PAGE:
By Dr. Sue Samuelsson
If we have a physical or psychiatric disorder, or if we live with someone with such a disorder, we probably know that sharing our lives with a cat or dog can help us to get through each day.
Animals provide social support, stress relief, and many other health benefits. Their friendship is unconditional: they don’t expect you to hold conversations with them, they’ll never reveal your secrets, and they’re always ready for a cuddle.
” Animals provide social support, stress relief, and many other health benefits.”
A study on a group of New York stockbrokers who had dogs or cats found they had lower blood pressure and heart rates in stressful situations than those who didn’t have a pet. Another study showed that when conducting a very stressful task, people experienced less stress when their pets were with them than when a supportive friend or partner was present.
President Obama with dog Bo
In the past, many people believed that children living with a pet were likely to become allergic to that animal, and that anyone with allergies should avoid getting a new pet. However, in recent years, a growing number of surveys have shown that children growing up with a pet cat or dog, or living on a farm where they have contact with large animals, will have less risk of allergies and asthma. In fact, infants in those families tend to have higher levels of some immune system chemicals, which is a sign of stronger immune system activation.
A happy professional with her pet at work
There are many known medical benefits to having a cat or dog. Playing or cuddling with them can elevate your levels of serotonin and dopamine, the nerve transmitters known to have satisfying and calming attributes. Several studies have discovered that heart attack patients who have pets survive longer than those without, and that Alzheimer’s patients have fewer anxious outbursts if there is an animal in the home.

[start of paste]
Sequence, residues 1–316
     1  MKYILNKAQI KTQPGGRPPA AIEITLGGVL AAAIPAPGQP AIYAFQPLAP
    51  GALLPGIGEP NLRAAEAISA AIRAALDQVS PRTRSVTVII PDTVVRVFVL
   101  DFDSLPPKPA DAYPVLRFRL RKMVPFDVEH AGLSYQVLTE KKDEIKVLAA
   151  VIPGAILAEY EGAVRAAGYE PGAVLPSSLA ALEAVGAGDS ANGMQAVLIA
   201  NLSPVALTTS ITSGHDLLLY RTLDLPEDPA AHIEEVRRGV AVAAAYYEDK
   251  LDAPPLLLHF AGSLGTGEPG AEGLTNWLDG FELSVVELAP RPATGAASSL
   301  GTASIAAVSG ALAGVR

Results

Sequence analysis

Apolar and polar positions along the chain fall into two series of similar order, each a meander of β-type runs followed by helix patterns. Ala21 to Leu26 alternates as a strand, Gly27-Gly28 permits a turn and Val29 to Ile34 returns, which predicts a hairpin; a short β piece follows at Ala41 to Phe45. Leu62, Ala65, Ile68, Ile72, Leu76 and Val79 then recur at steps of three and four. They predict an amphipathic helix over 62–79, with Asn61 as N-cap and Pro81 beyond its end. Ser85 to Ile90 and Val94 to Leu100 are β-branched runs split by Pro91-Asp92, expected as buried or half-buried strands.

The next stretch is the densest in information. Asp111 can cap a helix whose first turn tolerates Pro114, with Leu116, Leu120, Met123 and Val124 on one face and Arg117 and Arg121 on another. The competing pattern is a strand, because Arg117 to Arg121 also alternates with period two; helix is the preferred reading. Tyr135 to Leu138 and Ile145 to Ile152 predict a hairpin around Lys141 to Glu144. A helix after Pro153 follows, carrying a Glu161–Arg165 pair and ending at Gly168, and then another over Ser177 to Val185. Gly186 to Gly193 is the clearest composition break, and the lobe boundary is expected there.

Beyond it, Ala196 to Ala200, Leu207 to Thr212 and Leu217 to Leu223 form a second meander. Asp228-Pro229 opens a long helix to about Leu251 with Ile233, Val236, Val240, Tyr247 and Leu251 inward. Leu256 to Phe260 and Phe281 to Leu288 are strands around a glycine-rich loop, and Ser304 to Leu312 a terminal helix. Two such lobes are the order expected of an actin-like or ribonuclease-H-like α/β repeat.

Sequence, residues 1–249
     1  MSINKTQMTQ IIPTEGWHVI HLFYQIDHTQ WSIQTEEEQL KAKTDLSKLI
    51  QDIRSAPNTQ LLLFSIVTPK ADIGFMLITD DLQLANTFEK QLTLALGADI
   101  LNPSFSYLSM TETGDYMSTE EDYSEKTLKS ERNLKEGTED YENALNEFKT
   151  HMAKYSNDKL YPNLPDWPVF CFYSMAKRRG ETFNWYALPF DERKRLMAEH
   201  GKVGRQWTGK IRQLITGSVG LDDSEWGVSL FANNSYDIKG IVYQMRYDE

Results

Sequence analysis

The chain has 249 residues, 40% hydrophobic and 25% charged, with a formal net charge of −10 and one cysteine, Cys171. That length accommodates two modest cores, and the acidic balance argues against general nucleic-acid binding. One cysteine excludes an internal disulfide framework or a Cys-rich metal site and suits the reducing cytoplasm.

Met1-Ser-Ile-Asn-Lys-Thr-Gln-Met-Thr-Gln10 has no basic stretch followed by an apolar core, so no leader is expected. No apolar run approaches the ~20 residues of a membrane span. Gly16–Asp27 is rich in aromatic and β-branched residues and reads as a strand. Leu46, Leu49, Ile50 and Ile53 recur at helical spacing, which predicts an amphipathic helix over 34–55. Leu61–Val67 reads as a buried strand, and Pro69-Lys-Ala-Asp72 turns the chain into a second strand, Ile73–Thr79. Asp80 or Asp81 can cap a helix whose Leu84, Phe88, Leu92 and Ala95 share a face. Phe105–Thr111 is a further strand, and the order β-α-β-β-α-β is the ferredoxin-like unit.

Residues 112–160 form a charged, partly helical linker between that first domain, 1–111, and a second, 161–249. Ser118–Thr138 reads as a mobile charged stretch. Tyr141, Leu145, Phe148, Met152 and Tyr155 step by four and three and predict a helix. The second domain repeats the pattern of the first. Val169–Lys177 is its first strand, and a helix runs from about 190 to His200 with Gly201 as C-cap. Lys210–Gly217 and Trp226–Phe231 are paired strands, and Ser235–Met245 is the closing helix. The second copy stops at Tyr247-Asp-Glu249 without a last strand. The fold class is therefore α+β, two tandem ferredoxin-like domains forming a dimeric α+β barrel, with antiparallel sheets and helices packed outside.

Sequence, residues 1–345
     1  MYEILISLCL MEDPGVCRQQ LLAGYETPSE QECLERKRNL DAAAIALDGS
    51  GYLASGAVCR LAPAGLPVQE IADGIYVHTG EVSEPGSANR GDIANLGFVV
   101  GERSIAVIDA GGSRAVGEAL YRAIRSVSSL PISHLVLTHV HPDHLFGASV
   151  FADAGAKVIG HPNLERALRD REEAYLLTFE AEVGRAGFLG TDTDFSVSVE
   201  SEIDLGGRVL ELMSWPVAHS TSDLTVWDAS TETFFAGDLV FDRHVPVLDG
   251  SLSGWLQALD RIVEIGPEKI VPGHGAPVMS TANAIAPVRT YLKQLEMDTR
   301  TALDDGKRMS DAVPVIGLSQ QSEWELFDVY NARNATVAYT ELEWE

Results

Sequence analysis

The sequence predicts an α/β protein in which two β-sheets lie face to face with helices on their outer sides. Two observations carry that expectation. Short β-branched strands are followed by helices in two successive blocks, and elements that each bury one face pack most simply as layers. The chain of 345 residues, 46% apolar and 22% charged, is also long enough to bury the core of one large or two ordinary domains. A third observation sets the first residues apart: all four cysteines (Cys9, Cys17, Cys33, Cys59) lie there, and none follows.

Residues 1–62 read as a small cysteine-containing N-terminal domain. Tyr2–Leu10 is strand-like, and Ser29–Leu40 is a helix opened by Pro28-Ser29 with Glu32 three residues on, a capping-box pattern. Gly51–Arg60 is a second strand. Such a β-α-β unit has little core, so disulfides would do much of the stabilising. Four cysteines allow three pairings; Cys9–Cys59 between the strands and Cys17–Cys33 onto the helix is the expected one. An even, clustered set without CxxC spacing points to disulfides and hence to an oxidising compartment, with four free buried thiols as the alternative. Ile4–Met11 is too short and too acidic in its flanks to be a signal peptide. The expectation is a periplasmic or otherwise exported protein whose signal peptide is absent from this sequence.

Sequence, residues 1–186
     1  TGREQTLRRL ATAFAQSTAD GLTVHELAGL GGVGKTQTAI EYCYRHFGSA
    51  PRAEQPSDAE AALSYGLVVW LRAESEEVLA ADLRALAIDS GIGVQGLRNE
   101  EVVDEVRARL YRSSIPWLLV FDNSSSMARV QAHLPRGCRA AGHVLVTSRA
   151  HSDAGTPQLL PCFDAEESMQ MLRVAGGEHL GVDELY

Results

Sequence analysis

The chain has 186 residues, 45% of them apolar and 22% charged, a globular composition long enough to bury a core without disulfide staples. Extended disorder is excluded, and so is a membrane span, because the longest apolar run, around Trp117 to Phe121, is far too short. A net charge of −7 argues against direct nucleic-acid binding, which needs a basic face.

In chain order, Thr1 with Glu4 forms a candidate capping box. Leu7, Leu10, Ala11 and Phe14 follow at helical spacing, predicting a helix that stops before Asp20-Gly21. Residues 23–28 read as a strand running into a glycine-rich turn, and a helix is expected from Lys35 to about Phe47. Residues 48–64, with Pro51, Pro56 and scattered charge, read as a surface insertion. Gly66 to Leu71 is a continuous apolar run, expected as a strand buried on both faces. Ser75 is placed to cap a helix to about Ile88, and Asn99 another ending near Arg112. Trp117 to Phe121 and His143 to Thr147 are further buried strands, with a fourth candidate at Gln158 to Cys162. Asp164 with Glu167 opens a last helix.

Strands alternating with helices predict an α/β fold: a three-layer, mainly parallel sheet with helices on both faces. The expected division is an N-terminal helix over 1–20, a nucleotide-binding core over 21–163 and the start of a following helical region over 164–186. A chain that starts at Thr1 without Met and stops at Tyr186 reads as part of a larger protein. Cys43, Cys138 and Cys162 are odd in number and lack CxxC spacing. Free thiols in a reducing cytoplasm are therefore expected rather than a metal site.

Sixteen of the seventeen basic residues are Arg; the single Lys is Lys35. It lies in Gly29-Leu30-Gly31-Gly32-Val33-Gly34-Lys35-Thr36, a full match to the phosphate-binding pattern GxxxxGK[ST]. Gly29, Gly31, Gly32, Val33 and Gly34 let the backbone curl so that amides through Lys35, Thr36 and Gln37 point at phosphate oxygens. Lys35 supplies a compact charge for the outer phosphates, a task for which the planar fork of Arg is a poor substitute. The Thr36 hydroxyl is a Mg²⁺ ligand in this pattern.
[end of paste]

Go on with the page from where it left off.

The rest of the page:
“That heart attack patients who have pets survive longer”
Therapeutic animals don’t necessarily have to be trained. Just their presence is enough to calm and reassure people who are feeling anxious or lonely. It’s interesting to note that nursing home residents report less loneliness when visited by dogs alone than when they spend time with dogs and other people. That’s likely due to the fact that animals don’t judge!
The mission of A.W.A.R.E. Dogs Australia Inc is to support the use of all types of assistance and therapy dogs for the education, rehabilitation, healing, and aid of distressed ill or disabled individuals. This helps the person to lead a fuller life with a greater degree of independence and well-being. Their dog is by law permitted as a medical aid, meaning they have total access rights in any place which is open to the public.
A therapy dog is trained to provide affection and comfort to people in hospitals, retirement homes, nursing homes, schools, hospices, disaster areas, and to people with mental disorders, such as anxiety disorder or autism.
In Australia, the Delta Society’s volunteer therapy dog teams visit an estimated 20,000 Australians in hospitals and care facilities every week. Currently, that involves over 850 facilities nationally, ranging from aged care through to acute care hospitals for children and adults as well mental health, prisons and dementia specific facilities.
Don’t believe the old adage that you can’t teach an old dog new tricks! Dogs go on learning all their lives. Whether trained or not, therapeutic animals carry on reducing stress in people’s lives and giving them unstinting support when things get tough.
I’d love to know about your experience with pets and stress relief.
Dr Sue Samuelsson is a caring and dynamic vet in the Northern Territory, Australia who has had a profound effect on many remote communities around East Arnhem Land. She is the creator of i-Vet, an innovative online service designed for pet owners. Away from her busy schedule she enjoys catching barramundi in the Daly River.